Overall, the Apple TV Remote app is an essential download for all owners of the fourth-generation Apple TV, and it’s much better suited for the device than the previous app. It’s a little disappointing that Apple didn’t extend its capabilities beyond what’s possible in the Siri Remote, with features like dedicated music controls and an iPad-specific version. But that gives us something to look forward to!


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Comments about Apple Overhauls the Apple TV Remote App
(Comments are closed.)

Zoran Nesic  2016-08-03 19:43
About pairing, it seems that if you have paired the old app with your Apple TV, the new app will not require you to enter the code. At least that's how it worked with my setup: iPhone SE and 3rd gen Apple TV.
Josh Centers  An apple icon for a TidBITS Staffer 2016-08-04 10:45
I have iTunes Remote paired with my third-generation Apple TV, via Home Sharing, but that Apple TV doesn't even appear in the device list in the new app.
Curtis Wilcox  An apple icon for a Friend of TidBITS 2016-08-14 08:57
Do you have the 2012 3rd gen or the 2013 3rd gen? There was a slight hardware update to the 3rd gen. Apple TV in early 2013 that enabled features like peer-to-peer AirPlay. Perhaps that hardware difference also enables the new Remote app to work with it.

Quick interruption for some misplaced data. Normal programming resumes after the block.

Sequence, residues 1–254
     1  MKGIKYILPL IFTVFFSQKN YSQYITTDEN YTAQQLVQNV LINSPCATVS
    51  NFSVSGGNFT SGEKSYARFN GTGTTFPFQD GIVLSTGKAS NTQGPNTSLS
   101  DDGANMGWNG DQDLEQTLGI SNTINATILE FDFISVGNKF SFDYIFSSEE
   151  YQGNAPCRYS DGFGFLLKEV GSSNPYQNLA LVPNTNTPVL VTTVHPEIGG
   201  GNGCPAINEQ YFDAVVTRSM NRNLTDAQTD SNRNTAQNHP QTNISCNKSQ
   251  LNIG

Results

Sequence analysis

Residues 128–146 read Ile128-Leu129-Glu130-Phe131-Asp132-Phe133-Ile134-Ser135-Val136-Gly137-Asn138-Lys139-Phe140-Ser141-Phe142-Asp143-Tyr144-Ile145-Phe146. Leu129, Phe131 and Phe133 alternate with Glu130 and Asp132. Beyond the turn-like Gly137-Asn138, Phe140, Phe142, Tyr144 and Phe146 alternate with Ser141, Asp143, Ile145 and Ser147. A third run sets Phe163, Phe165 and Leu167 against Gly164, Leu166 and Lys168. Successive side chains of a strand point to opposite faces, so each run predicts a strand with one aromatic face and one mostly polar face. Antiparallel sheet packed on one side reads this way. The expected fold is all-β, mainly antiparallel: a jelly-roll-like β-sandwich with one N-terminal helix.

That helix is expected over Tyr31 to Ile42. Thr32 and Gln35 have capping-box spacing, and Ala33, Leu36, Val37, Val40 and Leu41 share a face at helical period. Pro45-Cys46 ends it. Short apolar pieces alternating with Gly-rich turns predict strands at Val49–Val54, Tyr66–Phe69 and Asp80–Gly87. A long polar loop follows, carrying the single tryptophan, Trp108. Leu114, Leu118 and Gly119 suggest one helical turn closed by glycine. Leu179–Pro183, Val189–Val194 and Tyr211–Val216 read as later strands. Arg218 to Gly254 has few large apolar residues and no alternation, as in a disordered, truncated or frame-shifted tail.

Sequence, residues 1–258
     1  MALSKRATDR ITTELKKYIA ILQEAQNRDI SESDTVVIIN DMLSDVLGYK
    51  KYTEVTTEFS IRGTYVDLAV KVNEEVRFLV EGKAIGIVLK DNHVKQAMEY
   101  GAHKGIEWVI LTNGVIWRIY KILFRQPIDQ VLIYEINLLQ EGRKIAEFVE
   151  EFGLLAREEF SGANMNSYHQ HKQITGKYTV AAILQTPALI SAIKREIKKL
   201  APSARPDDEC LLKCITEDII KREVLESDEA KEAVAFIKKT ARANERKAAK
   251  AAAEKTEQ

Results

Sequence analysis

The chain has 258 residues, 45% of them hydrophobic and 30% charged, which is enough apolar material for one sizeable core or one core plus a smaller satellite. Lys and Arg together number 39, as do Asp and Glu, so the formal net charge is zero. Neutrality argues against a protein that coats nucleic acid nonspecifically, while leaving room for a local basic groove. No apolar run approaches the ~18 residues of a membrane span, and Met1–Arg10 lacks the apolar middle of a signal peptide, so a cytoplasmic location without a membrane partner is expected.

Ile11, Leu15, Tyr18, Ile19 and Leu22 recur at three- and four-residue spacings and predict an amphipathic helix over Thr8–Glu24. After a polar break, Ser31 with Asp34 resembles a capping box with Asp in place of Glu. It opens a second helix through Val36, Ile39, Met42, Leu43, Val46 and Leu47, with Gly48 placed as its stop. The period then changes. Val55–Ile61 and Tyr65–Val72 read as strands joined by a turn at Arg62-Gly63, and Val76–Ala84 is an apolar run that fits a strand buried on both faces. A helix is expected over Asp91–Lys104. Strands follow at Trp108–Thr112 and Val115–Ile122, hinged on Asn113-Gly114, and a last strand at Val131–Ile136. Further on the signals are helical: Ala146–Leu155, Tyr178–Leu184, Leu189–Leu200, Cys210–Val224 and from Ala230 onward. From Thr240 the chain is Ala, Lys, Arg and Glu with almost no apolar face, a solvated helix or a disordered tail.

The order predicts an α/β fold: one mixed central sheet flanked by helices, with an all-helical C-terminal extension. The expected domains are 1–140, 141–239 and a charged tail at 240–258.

The article says that the new Apple TV remote app only connects to the 4th gen Apple TV. However, it works fine with my 3rd gen Apple TV (without Siri functionality, of course) in addition to the 4th gen. It's easy to switch between devices from within the app.
Josh Centers  An apple icon for a TidBITS Staffer 2016-08-04 10:43
I tested this last night, and could not get the Apple TV Remote app to pair with my third-generation Apple TV. How did you do it?
When I opened the app for the first time, the 3rd-gen Apple TV just appeared in the Device list. I didn't have to do anything to make it work.

Oddly, my 4th-gen Apple TV did not appear in the Device list at first. (Perhaps because it was sleeping, but then so was the 3rd-gen at the time.) After waking the 4th-gen, it just appeared in the Device list, so I can now switch between them just like I could in the old Remote app.
Tommy Weir  2016-08-04 11:18
I can't get it to see my Third Gen AppleTV.

I did wonder whether it was because the AppleTV is connected via Ethernet to the router and not via WiFi. This setup doesn't prevent the old Remote app from working with the AppleTV so at a loss here.
Zoran Nesic  2016-08-04 11:26
I have the same setup - Apple TV connected via Ethernet to the Wi-Fi router - and the new app just worked.
Josh Centers  An apple icon for a TidBITS Staffer 2016-08-05 10:51
Editor's note: I originally stated that the app doesn't control volume on HDMI-CEC devices. Per a new Apple support document, that's not true: it does so via the iPhone's volume buttons. The document specifies HDMI-CEC receivers and not TVs, but I imagine that it would work with any HDMI-CEC output.
Andrew Malis  2016-08-09 10:36
It works fine with my 3rd Gen Apple TV. Make sure that your phone is connected via WiFi to the same network that your Apple TV is on. This is true whether the Apple TV is itself using WiFI or Ethernet. If WiFI is turned off on the phone, then the remote can't work.